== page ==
Our Kids Have Too Much Stuff

Have you heard that science (once again) tells us that our kids have too much stuff? Science also tells us why kid clutter is almost inevitable, and what you can do to control the toy clutter to make your home more peaceful.

Our Kids Have Too Many toys

Our Kids Have Too Much Stuff

Marketplace posted a four minute podcast about how our kids have too much stuff (no paywall), along with strategies for parents and kids to deal with it.  It features the author Caitlin Gibson, the writer of a Washington Post article called, Our Kids Have Too Much Stuff: The Emotional Burden of Childhood (behind a paywall). If you suspected this was true, you aren’t wrong.

There are a few scientific reasons that your home is more cluttered with toys than you want.

According to this article from Business Insider (no paywall), toys are way cheaper than they used to be. “Simply put: A toy that cost $20 in 1993 would cost only $4.68 today.”In this environment, it’s cheaper to buy more toys than pay for childcare (up 200% since the 1990’s) or deal with a tantrum. This is economics, not science, but there ya go.

Decision Fatigue. You know that feeling you have at the end of the day, that you have made so many decisions that you Just. Can’t. Make. One. More??? According to Business Insider, kids can have decision fatigue, too. With so many toys around, how are they to make time and decide to put them away? Adults need to lead the way, providing space and direction to put everything away. On the other hand, when adults provide enough space to safely and easily store toys, the kids can follow along. You know this is true because you’ve seen it at their preschool and their schools. Classroom teachers are masters at arranging and labeling their classrooms so that kids can put things away and transition to the next activity. They set up a classroom at the start of the year, and they allow for clean up time every day. We parents can learn from this.

Psychologists tell us that we probably need fewer toys. Kids need to play, but many kids feel overwhelmed by a chaotic, cluttered playroom, just like their parents do. I’ve seen kids run back into playrooms that we organize, super excited to play with toys they forgot they had, but could now see once we’ve grouped and organized them (using SORT and Succeed).  Click the picture below to see the after of this basement toy organizing project…and how long it took.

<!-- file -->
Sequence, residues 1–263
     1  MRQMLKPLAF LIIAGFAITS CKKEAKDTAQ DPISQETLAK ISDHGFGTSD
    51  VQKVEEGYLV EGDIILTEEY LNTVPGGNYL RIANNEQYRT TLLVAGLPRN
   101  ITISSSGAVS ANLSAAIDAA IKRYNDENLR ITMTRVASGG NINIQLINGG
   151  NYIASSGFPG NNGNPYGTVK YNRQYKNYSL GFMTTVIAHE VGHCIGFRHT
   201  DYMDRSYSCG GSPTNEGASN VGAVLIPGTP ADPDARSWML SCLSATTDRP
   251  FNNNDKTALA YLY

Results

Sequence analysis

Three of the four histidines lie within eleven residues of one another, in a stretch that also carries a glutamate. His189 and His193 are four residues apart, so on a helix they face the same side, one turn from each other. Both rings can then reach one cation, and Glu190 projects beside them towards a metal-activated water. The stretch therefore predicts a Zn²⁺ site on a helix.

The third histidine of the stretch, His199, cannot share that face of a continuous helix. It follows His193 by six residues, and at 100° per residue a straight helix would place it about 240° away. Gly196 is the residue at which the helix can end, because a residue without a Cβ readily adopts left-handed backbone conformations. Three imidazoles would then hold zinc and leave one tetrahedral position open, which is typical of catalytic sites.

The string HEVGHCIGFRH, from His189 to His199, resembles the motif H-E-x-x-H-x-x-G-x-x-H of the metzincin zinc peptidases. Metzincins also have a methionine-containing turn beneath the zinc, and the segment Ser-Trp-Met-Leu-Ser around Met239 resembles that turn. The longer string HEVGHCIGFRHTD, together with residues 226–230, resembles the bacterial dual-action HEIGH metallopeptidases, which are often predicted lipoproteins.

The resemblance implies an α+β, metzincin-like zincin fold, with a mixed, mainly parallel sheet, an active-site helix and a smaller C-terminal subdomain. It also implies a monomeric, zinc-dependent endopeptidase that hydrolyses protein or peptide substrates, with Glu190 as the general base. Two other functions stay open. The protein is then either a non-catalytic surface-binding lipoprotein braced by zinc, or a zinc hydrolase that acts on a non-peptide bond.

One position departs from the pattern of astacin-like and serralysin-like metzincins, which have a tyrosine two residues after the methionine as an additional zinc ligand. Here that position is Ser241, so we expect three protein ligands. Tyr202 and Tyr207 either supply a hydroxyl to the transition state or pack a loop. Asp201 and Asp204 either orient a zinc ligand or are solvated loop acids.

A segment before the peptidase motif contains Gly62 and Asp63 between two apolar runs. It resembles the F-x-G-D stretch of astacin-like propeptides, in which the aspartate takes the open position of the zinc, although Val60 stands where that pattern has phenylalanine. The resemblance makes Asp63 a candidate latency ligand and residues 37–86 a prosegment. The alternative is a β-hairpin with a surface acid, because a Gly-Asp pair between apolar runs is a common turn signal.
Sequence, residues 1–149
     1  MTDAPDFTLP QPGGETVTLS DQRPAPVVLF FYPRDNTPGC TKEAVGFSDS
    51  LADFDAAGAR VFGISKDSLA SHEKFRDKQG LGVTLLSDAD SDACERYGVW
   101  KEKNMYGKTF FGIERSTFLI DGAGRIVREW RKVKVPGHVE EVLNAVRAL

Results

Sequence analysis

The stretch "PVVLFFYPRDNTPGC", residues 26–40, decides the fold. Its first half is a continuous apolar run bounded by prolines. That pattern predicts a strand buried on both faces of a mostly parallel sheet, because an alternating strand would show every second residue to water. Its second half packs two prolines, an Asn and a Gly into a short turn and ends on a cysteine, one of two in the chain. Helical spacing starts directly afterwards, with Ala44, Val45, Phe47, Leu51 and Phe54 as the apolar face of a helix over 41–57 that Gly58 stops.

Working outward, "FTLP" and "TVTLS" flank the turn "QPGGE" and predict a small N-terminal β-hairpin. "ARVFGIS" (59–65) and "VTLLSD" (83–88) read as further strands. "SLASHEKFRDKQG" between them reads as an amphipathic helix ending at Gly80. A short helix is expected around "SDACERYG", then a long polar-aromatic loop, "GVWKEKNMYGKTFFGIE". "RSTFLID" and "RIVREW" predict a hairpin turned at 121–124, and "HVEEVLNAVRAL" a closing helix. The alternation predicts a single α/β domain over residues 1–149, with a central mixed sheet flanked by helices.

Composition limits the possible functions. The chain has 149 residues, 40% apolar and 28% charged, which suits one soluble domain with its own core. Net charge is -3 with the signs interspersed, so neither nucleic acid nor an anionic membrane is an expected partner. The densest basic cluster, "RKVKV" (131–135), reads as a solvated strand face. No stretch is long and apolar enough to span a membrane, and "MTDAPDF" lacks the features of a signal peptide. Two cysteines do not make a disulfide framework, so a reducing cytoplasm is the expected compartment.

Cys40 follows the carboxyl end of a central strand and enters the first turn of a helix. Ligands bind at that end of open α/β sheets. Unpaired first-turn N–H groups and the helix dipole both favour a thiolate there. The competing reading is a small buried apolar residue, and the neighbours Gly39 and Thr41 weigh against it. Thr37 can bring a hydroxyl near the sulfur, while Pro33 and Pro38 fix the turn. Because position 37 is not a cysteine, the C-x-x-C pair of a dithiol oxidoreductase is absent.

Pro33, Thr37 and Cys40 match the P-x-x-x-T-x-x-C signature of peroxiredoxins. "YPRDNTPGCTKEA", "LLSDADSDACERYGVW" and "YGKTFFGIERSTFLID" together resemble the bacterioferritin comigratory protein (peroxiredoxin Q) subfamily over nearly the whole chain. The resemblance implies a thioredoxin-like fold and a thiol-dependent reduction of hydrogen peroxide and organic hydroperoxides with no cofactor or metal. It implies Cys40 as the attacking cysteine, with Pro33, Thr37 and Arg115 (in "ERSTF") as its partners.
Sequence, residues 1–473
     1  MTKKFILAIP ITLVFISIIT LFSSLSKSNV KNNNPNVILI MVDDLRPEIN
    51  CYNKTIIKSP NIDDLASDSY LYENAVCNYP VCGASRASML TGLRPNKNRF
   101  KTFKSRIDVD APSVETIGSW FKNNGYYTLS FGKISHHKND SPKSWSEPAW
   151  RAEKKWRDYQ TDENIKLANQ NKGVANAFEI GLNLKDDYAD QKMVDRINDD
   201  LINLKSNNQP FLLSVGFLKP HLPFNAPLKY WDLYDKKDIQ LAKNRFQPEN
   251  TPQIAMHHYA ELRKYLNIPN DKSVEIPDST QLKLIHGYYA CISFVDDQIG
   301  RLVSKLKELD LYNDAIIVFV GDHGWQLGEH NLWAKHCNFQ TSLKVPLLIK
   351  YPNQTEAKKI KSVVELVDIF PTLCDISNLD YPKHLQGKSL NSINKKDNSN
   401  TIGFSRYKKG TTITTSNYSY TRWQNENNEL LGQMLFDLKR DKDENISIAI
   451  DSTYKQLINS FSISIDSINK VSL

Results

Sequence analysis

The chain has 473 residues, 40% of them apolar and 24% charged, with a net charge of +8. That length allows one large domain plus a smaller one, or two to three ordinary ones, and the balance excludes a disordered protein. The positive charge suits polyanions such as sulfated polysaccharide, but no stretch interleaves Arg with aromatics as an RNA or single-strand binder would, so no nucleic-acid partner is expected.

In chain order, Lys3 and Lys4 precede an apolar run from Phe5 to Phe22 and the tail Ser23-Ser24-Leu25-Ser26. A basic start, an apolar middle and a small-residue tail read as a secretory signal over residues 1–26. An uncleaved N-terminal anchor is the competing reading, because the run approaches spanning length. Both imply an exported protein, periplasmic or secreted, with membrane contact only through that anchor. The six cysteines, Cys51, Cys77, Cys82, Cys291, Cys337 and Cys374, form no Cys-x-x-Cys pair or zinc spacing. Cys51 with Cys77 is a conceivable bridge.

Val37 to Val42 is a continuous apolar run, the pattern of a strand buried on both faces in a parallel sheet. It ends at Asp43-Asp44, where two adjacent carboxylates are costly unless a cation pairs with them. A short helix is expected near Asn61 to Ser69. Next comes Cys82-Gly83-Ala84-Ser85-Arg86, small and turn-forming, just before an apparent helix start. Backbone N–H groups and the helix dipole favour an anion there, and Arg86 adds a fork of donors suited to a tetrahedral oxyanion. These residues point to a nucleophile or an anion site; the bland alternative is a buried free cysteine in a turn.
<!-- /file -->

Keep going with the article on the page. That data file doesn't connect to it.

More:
basement playroom organizing with desk

Will Our Kids Always Have Too Much Stuff?

I’ve been writing about organizing and storing toys forever. Well, at least fifteen years! American parents have been feeling overwhelmed by kid toys for longer than this, but now you know it’s not just a problem at your home. It’s all of us. And even when your kids move out, you’ll be the one dealing with your adult children’s things. 

The Five Stages of Throwing Out Your Adult Child's Stuff

Kids Can Learn to Organize Their Stuff!

Even young kids can learn to organize, at least organize good enough. Most kids thrive in an organized home, so teaching organizing skills isn’t punishment, it’s structure. I’ve seen my own kids learn how to organize and my clients’ kids, too. Don’t let your kid tell you their ADHD prevents them from having an organized space, any more than you’d let them tell you their ADHD prevents them from washing their hands. These are skills everyone can learn…good enough. Their organizing might not look like yours, but teach them SORT and Succeed, add organizing labels, give them a trash can, and let them learn. If you missed it, I shared an article published just weeks ago by Stacy Colina at the Washington Post that reminded us that everyone can learn to organize better. That applies to kids, too

No matter when you found us, catch up with all of this month’s organizing articles here.